Barrow woman, 92, lay in agony for hour as 999 centre faltered
Last updated at 16:39, Monday, 10 September 2012
A 92-YEAR-OLD woman lay with a fractured thigh for more than an hour as the ambulance service failed to help her quickly enough, an inquest heard.
The delay in getting help to Winifred Jackson, 92, after she fell in Ostley House care home was “not satisfactory”, South and East Cumbria Coroner Ian Smith said at the hearing in Barrow on Friday.
Amanda Younger, a senior care assistant at the home, in Abbey Road, Barrow, said on April 19 she was called to one of the communal rooms in the property where Mrs Jackson had fallen down.
Not wanting to move Mrs Jackson, she made the first of three calls for an ambulance at about 6.10pm.
Peter Ballan, a sector manager at the North West Ambulance Service’s control room, in Preston, said when the call was received, the description of Mrs Jackson’s situation meant it was logged as ‘Green Four’.
This meant a clinician would ring the caller back within 60 minutes to assess the situation.
When the clinician rang back at 6.21pm, they made the decision an ambulance should be sent to help Mrs Jackson within 60 minutes.
However, at 7.04pm, Mrs Jackson was becoming distressed and crying out in pain, prompting Ms Younger to call for an ambulance again.
However, Mr Ballan said the handler failed to respond to this call correctly.
He said if a patient’s condition was worsening then the handler should have responded by sending help.
He said: “Unfortunately the call wasn’t processed correctly. They weren’t actively listening on the call when it was described that Mrs Jackson had become distressed.”
However, when Ms Younger made a third call at 7.29pm an ambulance was dispatched.
Mrs Jackson was taken to Furness General Hospital where she died three weeks later after contracting pneumonia.
The call handler had been spoken to about the incident and had their mistake explained to them, Mr Gallan said.
A bulletin had also been circulated to remind handlers how to deal with such situations appropriately.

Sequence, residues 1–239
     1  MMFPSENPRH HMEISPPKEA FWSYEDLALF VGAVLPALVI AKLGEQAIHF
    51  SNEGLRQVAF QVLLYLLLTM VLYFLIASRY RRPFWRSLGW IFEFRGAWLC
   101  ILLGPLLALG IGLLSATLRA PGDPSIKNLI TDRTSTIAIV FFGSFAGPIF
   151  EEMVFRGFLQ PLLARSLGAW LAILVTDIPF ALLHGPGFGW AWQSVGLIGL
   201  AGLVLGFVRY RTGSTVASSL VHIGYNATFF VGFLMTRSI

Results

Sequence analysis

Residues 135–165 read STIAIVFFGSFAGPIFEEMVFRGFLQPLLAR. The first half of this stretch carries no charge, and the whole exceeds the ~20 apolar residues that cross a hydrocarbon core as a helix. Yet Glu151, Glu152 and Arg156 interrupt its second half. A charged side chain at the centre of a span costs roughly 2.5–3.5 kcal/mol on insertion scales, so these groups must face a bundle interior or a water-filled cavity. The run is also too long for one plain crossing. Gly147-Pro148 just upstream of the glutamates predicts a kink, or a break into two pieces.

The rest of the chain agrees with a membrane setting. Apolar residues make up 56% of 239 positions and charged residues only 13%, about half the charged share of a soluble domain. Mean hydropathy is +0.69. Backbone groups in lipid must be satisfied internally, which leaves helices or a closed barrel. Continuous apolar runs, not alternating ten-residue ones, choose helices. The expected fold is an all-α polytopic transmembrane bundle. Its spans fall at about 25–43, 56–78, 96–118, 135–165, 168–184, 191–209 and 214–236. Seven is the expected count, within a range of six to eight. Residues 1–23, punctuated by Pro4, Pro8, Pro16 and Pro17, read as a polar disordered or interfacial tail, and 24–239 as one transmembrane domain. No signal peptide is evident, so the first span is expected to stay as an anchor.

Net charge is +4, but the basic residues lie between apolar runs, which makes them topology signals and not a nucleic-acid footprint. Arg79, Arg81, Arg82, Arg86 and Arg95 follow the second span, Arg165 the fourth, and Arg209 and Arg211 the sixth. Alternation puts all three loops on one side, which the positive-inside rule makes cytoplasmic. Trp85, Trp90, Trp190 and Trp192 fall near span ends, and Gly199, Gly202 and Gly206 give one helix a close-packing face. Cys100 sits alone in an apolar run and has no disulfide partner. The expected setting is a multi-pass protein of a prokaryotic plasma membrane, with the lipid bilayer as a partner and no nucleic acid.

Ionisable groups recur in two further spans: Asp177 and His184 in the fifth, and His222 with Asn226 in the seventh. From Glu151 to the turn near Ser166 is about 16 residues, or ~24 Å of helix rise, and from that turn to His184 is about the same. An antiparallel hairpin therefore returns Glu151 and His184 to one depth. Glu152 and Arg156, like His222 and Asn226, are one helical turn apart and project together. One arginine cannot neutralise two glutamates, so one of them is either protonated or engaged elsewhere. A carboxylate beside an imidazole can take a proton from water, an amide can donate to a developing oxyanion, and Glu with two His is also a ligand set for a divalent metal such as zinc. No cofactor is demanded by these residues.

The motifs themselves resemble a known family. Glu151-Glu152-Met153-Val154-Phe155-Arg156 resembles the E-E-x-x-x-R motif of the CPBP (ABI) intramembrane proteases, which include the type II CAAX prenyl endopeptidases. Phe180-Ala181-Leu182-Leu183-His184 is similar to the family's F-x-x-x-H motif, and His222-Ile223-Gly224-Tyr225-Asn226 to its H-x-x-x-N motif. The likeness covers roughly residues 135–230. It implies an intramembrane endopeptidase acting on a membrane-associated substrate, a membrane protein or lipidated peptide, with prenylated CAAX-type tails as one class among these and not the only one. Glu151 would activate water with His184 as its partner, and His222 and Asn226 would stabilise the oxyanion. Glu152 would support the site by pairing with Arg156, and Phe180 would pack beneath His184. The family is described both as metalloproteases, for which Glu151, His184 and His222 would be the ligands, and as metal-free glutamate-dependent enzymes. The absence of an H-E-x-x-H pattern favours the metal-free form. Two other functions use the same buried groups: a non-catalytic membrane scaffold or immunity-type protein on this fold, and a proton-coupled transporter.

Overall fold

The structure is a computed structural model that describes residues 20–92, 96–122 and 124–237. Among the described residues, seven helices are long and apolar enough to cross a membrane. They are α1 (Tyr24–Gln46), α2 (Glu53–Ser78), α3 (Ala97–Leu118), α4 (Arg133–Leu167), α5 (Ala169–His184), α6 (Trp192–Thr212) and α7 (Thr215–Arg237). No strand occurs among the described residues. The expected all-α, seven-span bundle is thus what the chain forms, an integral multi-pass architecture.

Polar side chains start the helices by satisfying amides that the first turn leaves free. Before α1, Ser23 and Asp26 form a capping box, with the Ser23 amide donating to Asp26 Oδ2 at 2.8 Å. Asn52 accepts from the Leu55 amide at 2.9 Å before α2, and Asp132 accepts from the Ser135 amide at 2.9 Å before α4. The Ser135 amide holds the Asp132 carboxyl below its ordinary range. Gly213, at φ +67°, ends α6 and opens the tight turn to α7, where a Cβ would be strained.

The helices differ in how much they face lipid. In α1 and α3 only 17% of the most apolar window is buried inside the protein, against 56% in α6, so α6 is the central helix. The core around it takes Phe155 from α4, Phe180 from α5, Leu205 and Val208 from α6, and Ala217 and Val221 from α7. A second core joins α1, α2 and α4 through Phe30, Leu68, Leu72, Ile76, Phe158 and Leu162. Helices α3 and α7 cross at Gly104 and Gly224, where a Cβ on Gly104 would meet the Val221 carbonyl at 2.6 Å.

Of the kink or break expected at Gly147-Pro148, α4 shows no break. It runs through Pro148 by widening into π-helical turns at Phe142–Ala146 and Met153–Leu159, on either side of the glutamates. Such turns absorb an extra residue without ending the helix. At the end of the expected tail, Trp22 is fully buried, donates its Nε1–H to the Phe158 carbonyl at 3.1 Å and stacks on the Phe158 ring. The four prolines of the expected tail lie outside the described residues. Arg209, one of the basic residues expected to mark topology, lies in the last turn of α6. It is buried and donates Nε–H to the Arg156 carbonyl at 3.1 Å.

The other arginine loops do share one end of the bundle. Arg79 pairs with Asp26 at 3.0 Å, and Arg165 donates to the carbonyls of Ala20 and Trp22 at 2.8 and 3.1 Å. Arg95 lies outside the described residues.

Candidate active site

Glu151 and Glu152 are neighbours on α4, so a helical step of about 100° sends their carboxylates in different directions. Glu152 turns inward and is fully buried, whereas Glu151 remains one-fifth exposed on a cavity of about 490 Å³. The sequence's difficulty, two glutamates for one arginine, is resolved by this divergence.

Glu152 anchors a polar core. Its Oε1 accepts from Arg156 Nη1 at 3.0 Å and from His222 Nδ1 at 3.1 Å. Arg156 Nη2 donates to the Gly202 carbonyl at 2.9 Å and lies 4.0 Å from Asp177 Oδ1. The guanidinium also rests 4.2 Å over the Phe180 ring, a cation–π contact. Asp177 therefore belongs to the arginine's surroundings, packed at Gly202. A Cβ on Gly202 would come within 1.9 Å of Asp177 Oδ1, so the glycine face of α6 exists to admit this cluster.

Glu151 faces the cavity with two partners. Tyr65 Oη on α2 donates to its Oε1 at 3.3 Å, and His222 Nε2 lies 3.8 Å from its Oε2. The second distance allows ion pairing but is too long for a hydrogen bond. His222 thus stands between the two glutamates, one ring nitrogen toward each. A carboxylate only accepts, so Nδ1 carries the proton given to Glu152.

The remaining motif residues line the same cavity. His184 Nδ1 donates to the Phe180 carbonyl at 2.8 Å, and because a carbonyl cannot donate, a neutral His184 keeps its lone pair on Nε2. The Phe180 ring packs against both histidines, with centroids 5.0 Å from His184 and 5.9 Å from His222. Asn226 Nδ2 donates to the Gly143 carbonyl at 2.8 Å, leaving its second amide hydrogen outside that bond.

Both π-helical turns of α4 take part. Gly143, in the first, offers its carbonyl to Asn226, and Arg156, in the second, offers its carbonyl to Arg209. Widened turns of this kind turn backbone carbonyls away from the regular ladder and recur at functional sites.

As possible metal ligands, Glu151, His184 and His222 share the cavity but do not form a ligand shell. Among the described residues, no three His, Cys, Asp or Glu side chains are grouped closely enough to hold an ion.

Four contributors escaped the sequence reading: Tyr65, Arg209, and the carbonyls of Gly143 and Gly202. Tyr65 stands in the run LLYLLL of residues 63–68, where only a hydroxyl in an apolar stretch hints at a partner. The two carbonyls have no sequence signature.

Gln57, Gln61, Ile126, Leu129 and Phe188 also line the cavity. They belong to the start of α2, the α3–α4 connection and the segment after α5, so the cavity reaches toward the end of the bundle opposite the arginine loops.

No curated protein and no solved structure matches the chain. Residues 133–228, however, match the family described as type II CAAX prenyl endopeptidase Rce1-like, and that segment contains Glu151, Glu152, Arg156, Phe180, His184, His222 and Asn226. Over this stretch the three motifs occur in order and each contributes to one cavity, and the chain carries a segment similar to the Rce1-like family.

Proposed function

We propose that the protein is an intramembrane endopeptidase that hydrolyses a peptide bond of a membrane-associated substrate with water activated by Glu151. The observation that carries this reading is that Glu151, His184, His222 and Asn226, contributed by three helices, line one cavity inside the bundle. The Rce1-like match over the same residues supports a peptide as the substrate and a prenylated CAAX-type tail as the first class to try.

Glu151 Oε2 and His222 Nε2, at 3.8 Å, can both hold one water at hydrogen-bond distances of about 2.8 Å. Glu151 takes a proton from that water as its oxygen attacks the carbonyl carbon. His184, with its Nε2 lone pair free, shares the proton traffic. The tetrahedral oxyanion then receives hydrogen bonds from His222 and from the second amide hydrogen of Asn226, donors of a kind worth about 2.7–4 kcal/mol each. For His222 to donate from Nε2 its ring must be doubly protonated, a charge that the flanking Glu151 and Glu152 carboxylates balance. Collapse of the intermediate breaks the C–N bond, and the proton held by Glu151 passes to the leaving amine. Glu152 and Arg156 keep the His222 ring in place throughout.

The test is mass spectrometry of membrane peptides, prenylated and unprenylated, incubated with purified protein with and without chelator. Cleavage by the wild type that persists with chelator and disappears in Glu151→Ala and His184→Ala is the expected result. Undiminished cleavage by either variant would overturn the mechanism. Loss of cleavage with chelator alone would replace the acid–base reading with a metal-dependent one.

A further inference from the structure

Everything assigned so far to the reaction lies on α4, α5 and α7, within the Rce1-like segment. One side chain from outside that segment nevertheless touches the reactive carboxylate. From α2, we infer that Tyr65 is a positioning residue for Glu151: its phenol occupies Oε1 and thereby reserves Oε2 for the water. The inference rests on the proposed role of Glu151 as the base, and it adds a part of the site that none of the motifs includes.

Anthony Jackson, 49, Mrs Jackson’s son, asked why his mother had been left unsupervised by staff when the family had understood she would get around the clock care.
However, Ms Younger said although care was on hand for the residents of the home at all hours, it was impossible to directly supervise them the whole time.
The inquest heard although sensors had been fitted to some of the chairs Mrs Jackson used to alert staff when she stood up, she had not been using one of these chairs when she got up before her fall.
Mr Smith said when Mrs Jackson died she was suffering from pneumonia, furring of the arteries and a fractured left femur.
However, he did not think the delay in getting an ambulance to her would have contributed to her eventual death.
He said: “I don’t think the problem that occurred in that hour-and-a-half made any difference.”
Mr Smith recorded a verdict of death by “natural causes made worse by an accident”.
First published at 16:28, Monday, 10 September 2012
Published by http://www.nwemail.co.uk
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Getting an ambulance in an emergency is getting worse. We had to wait 90 minutes for one last year when our 2 day old grandson was struggling to breathe. We have ambulances stationed all over this area but one was sent from Morecambe. We could have driven the baby to RLI in less than an hour but were waiting for the experts. An emergency op at Manchester put the baby right and he's now a happy, healthy toddler but we were so very close to losing him.
Unfortunately I don't believe this is an isolated incident. A few months ago my 78 years old disabled mother fell ill with a severe infection. As with most elderly people she didn't want to cause a fuss, although we did have two doctor visits within 2 days(one following a collapse when she tried to get out of bed) which were appreciated. The situation became so bad that she had to be persuaded to go into hospital and after a visit from a nursing team (who were very good)am ambulance was arranged. The nurses indicated we would probably have to wait about one hour for the ambulance. Some 2 hours later I called to make sure the ambulance was on its way and was told my mother had been 'designated' as being able to wait 1-4 hours for an ambulance. Given that by this stage she was very poorly and uncomfortable, having been unable to eat for some days and taken very little fluids, this was a distressing situation for all of us. After a 5 hour wait we again chased the ambulance only to be told that all ambulances in the area had been busy on emergencies throughout that time and my mother was not a priority! After further chasing, the ambulance eventually arrived after 6 hours and 10 minutes, with an excellent but somewhat embarrassed crew. We know that for much of the time there were ambulances parked at the local ambulance station which rather raises some questions for us. And then guess what? Despite the fact that the decision to admit her to hospital had already been taken, it seems there is no way for this to happen without the lengthy (generally at least 4 hours!!)wait on a trolley in A & E. I should add that almost without exception the ambulance and hospital staff who have dealt with my mother through a number of admissions have been great. The problem seems to be more one of poor organisation or perhaps too much focus on meeting farcical targets that do nothing to support patient care but allow the various parts of the NHS to claim they are effective and lay blame elsewhere.
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